So you want to become an NCVO consultant?

With a week to go until the deadline for my maternity cover (Consultant – Sustainable Funding), I have a vested interest in making sure that someone really good gets the job. But I’m also aware that being a consultant with NCVO might be a bit of an enigma. So, for all of you who were thinking of applying (or who were interested in NCVO consultancy generally), here’s a few insights into what I do (and why it’s usually a lot of fun).

How NCVO consultancy works:
• Within NCVO sits a little band of intrepid souls, each with their own specialism, who work together to try to help individual charities and not-for-profits. But unlike the grant-funded projects of old, we charge for our work. I actually quite like this as it means our work is highly valued by the client (if you’ve ever worked on a grant funded project where you’ve given something for nothing, you’ll understand the pitfalls of everything being free!). And we have several ‘Grant Plus’ contracts with funders that allow us to still work with some smaller organisations who wouldn’t have the budget for consultancy support otherwise.

• Unlike working as a lone consultant, the big advantage of being part of a team is that you can put together bespoke solutions – so a lot of the time, work will come in looking like straight-forward funding support, and after I’ve met with the client and had a detailed chat, it turns out they need a good dollop of strategy with a bit of impact too in order for the funding support to be successful. So I’ll link with colleagues and propose a combined solution.

• We don’t do grant or contract bid-writing. We don’t take on projects where we don’t think we’ll have much impact. This is great – there’s nothing more frustrating as a fundraising/income generation consultant than working with organisations where you feel like you’ve been brought in as a sticky plaster to churn out a few funding applications, knowing full well that with a bit of support, that organisation could produce something great themselves, increase their chance of success and then not have to pay a consultant next time. So if a client is struggling with generating income, I’ll go in and help them to look at the strategic, resource and process reasons this could be and refer them to some training for writing applications (or, if they insist, another consultant who can write the bid).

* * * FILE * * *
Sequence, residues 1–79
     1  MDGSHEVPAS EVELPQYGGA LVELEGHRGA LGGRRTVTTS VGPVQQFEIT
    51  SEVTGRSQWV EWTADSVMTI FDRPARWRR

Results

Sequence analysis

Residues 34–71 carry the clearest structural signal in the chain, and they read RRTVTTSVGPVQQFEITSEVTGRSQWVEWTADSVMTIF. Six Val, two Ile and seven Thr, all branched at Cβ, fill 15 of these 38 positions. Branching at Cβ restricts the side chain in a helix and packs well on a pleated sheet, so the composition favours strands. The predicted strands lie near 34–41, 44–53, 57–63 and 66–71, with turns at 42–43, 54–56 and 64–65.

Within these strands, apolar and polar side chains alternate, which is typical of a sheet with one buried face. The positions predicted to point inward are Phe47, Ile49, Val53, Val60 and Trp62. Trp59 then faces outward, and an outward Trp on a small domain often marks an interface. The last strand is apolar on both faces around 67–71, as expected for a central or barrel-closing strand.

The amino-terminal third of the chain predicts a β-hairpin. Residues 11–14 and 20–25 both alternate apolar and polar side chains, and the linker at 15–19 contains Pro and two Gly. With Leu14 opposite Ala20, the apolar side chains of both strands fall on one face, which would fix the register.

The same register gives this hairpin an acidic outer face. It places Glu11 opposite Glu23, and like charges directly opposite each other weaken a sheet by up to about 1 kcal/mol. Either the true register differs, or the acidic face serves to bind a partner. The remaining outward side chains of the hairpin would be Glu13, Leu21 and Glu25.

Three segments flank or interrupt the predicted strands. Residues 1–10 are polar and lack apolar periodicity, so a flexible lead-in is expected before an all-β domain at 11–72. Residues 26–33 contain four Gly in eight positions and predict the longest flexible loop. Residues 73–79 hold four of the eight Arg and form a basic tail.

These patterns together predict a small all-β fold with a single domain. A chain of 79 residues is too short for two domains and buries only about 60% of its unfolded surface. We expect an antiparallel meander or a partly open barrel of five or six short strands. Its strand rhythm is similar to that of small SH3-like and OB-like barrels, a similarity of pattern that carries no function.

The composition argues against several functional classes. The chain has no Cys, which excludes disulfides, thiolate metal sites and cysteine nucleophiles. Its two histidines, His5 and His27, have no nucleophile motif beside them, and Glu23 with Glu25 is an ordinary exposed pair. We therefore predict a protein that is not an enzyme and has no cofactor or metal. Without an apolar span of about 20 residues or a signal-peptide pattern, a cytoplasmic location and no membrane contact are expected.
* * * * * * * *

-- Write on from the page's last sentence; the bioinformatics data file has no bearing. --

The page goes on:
• We also promote the concept of ‘sustainable funding’. So, no more pigeon-holes where you can only look at grants, or individual giving in isolation. Instead you stretch your brain by looking at all the income options and how they fit within the whole organisation. A lot of my projects are looking at melding together two or more income streams so that they complement each other and spread the risk.

• And finally…most NCVO consultants deliver training too. For my maternity cover this will include the new Certificate in Sustainable Funding, which is a great new high-impact course where senior individuals from organisations are supported over four modules to look afresh at their strategies.

The downsides – of course there are some – are possibly predictable. As a consultant, you’ll have to find new clients and bid for work, so it can feel a bit pressured and a departure from the grant-funded world of old. Plus juggling several projects at once, managing all the relationships and keeping them on track is an ongoing challenge. And you need to be insightful, persuasive and focused – working out what is going to achieve the desired outcome for clients, even if they have initially requested something else (such as bid-writing!). But you’ll learn a lot (not least by working with colleagues in different disciplines) and get to meet a lot of amazing organisations where you can make a big difference.

Think you can hold the fort for me? Deadline is 7 August.

PS: It’s a full time maternity cover position, but if you really can only commit to part time then we’ll still consider your application.

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Rosaline Jenkins Ros is NCVO's lead in Sustainable Funding, promoting a more sustainable, suitable and strategic approach to generating income of all kinds - donations, grants, contracts and trading. @RosJTweets

3 Responses to So you want to become an NCVO consultant?

  1. Nikki Watts says:

    I am interested in looking after your position while you are away bringing up baby! But having just left full time to set up as a freelance / consultant, I really only would be able to do part time. Its a job I could do, and I know I would be good at it. Shall I still apply?

    • Rosaline Jenkins Rosaline Jenkins says:

      Hi – really sorry – for some reason I didn’t get notified of your comments so only just saw them to reply! Nikki – if you still want to apply and can get something over today, I’ll make sure your application is seen. There is lots of work on at the moment, hence the job advertised at full time (I’m part time), but we’ll consider part time or jobshare to get the right person.

  2. Adrienne Kamdem says:

    @ Rosaline
    Thank you for the insight, very informative. You just answered a question I have had for some time now. Would check straight away if I meet the person specification. Enjoy your maternity leave. Regards.